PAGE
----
Brethren Archive

Reminiscences of Frederick Arthur Banks.

by John Brown

The writer doubts not, but worthier hands might well be found to record, even at this late date, somewhat of the exceeding grace of God that abounded in and through the subject of this note.  At the same time, none could more willingly do what one can in such a delicate, yet usefully becoming task.  Frederick Arthur Banks and the writer were closest of friends from the first time they met until the last hour of hallowed opportunities.  
Much in this connection might herein to profit be embodied, but we forbear.  Most of the writings to which this forms an introduction were discussed and threshed not a little ere publication in those times of communion.  This godly habit is but little cultivated now-a-days, despite the good words of counsel given in 1 Cor. 2. 13.  F. A. B. was an exceptionally bright example of the great advantage that is his or hers who is early brought to Jesus; and a very encouragement to parents as well as to all workers among the young.  The exact age at which he passed out of death into life is not known to us for certain, but all are agreed that he was very young in years.  F. A. B. was no ordinary pioneer in the things of God.  Consequently, most of his writings were quite beyond what was generally known when he wrote and published.  At this time of day, those things are more commonly known, by name at least. There is, therefore, in his writings, what, in the light of to-day, shows the roughnesses of the pioneer, and which to profit, may be given as they were published at the first, although our knowledge and remembrance of him compels us to add that had he been with us until now, no man would more readily have conformed to all that God has been pleased to more accurately reveal, thus causing an appreciation to hold fast the form of sound words, maintaining thus the excellencies of things that are different.  As to his oral public ministry, it was universally felt and confessed that he had always something of worth to say and knew also how to express it.  BREVITY, LUCIDITY, OPPORTUNENESS, characterized his ever-welcomed ministry, which was greatly blessed by God.  His bodily strength was never great, yet his labours were abundant, not only in Great Britain and Ireland, but in the far-away West Indian Islands, where fruit not a little was granted him in men of several nationalities.  In private life, he was most genial and considerate, able and valiant in and for the Faith, no rancour obtained in the conflict or in the issue.  Being apt to teach made him to be prized for counsel, which ever showed how fully he was a peace maker.  The parent-like care and love he carried about with him for an afflicted brother in the flesh, evidenced to us who knew him, how big and tender his heart was. Yet, alas! how little this was regarded by those to whom the honour was given to maintain such an one as having gone forth for "The Name's Sake"; we pray that this may be noted by all unto the buying up of opportunities that are yet within our reach in the others who as he, are too often viewed as by themselves alone, whereas there are generally those of their household besides, dependent on the support of such labourers as to the bread-winners (compare 2 Tim. 1. 16-18).  Before his departure to be at home with the Lord, it was quite noticeable how frequently he asked the Saints to sing, making melody in their heart to God, that very sweet hymn—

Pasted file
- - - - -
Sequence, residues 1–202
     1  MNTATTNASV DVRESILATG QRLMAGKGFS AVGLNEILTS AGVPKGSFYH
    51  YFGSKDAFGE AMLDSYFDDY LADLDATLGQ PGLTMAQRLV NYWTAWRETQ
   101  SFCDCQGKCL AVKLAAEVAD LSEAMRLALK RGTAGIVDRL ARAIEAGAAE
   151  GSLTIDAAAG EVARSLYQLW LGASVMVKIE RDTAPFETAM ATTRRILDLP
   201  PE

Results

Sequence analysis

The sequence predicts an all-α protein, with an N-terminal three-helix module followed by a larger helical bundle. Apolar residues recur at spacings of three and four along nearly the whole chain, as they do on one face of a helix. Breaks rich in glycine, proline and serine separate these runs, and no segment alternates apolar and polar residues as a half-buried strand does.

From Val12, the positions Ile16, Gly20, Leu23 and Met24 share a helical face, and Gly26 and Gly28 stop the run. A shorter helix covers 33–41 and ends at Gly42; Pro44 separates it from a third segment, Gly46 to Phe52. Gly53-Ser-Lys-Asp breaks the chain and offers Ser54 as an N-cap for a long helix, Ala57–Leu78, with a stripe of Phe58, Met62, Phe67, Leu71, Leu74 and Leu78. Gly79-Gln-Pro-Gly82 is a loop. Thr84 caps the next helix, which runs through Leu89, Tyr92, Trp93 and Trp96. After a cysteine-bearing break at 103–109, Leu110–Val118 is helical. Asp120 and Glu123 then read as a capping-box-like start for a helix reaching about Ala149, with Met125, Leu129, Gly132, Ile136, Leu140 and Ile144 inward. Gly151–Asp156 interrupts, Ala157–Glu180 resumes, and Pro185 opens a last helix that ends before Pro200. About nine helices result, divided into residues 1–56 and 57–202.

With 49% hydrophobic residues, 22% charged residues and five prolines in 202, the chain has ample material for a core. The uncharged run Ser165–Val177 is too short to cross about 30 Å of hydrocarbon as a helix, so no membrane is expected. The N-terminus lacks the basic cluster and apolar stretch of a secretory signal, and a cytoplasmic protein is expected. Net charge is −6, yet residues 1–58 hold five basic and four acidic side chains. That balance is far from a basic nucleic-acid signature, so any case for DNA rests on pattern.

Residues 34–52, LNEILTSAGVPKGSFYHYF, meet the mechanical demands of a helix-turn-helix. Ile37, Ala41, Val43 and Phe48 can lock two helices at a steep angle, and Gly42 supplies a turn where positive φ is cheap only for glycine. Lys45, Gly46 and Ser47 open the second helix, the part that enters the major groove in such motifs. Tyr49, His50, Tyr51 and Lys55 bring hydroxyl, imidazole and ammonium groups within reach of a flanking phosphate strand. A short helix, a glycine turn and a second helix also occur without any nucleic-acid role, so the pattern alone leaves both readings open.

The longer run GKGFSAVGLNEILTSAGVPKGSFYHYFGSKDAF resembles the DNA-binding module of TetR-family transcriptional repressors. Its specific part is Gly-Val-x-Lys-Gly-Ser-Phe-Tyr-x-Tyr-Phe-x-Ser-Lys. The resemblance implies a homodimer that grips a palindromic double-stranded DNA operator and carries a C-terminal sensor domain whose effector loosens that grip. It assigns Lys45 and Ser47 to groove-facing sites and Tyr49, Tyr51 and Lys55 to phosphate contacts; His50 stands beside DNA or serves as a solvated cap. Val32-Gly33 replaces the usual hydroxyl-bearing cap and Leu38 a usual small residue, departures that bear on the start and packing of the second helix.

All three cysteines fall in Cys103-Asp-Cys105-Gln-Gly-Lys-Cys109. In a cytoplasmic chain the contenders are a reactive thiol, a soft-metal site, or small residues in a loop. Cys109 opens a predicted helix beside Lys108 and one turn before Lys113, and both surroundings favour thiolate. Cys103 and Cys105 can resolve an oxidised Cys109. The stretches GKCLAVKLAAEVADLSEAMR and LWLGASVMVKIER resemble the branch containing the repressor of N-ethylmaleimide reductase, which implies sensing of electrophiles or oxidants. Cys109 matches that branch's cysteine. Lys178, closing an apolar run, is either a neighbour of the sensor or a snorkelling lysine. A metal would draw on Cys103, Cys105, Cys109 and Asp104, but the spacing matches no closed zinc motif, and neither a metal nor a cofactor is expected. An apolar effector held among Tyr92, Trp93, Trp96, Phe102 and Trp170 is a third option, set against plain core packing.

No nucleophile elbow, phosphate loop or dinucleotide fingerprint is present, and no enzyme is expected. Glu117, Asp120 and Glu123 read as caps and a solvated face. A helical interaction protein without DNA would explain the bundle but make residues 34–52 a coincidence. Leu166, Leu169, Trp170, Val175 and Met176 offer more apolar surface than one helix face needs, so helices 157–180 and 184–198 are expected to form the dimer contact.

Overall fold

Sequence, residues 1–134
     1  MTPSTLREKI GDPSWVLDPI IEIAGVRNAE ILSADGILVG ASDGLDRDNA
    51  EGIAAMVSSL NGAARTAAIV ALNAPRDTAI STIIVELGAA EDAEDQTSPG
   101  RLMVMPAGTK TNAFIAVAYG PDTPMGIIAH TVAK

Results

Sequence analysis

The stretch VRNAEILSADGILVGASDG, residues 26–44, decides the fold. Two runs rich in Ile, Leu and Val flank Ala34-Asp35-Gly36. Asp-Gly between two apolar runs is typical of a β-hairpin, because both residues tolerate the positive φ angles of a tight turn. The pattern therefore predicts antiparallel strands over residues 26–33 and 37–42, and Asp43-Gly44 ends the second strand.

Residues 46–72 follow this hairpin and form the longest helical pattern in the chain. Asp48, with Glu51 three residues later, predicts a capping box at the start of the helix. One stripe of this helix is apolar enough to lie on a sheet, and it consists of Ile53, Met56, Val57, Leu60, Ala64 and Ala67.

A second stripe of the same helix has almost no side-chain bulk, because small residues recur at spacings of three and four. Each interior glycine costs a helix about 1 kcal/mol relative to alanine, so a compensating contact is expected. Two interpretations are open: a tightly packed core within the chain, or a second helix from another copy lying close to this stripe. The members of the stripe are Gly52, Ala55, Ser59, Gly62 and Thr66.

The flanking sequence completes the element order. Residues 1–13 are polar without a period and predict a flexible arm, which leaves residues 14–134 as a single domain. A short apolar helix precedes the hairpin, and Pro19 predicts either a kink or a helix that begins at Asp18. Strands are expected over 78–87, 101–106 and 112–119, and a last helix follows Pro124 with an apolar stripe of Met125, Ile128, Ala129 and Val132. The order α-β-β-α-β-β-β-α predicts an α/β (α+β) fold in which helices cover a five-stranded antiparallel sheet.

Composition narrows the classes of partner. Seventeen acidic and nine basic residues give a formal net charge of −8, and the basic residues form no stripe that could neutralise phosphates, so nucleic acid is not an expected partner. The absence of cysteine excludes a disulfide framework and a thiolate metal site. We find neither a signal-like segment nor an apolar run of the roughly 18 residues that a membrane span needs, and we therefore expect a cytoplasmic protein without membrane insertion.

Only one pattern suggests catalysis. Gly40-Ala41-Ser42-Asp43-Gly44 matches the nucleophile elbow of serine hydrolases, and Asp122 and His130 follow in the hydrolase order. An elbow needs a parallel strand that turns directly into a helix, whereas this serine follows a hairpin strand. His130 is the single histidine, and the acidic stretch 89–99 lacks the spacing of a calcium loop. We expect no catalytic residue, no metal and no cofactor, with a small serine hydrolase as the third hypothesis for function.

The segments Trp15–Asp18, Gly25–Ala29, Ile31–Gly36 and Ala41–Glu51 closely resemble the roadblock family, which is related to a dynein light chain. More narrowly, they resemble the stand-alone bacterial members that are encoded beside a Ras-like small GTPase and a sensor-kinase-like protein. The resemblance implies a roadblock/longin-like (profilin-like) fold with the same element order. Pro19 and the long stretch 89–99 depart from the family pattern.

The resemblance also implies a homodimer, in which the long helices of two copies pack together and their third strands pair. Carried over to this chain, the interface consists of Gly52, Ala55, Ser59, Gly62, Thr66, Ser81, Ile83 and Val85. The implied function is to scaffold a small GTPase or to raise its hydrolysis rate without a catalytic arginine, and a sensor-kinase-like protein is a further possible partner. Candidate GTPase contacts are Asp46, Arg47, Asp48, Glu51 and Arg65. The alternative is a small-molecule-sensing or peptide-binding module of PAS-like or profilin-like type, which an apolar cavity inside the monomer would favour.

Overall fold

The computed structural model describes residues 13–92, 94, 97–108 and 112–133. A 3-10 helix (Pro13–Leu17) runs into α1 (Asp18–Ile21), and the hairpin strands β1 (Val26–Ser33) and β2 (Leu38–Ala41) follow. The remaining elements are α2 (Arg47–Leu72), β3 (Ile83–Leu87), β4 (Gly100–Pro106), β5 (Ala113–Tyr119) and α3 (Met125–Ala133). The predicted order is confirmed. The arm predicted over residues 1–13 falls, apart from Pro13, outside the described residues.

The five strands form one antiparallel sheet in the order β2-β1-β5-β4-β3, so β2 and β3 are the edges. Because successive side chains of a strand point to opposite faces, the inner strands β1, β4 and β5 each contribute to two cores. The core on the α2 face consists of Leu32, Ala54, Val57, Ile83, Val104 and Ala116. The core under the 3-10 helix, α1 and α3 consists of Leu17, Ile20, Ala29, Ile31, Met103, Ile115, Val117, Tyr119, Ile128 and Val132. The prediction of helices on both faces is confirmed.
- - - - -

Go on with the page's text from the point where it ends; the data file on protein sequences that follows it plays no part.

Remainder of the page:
"The glory shines before me,
I cannot linger here."
To reflect our dear departed a little in his brevity, we must close, and would with a word or so more, urge our readers' prayerful consideration of his writings, which shall doubtless bring about a fulfilment of the spirit of the words, "THEIR WORKS DO FOLLOW THEM."  And even thus, Abel-like, shall F. A. B., though dead, yet speak, and, Samson-like, effect more by his death than by the days of his life upon the earth.  To this end will the writer, your well-wisher, pray.  
JOHN BROWN.  Greenock, June 1898.
“Spiritual Growth” F. A. Banks

Samuel said ...
The Needed Truth folks reprinted FAB’s “Spiritual Growth” with a new preface by J Dorricott. It is this latter edition which Gospel Tract Publications reissued in the last volume of “The Assembly Writers Library” . It’s an odd choice for Samuel Johnston who surely wouldn’t have sought to promote an eminent leader amongst the “Churches of God” .(ie Dorricott) rather than the famous John Brown of Greenock, author of the valuable book “Spoken Words”
Friday, Mar 22, 2024 : 17:57

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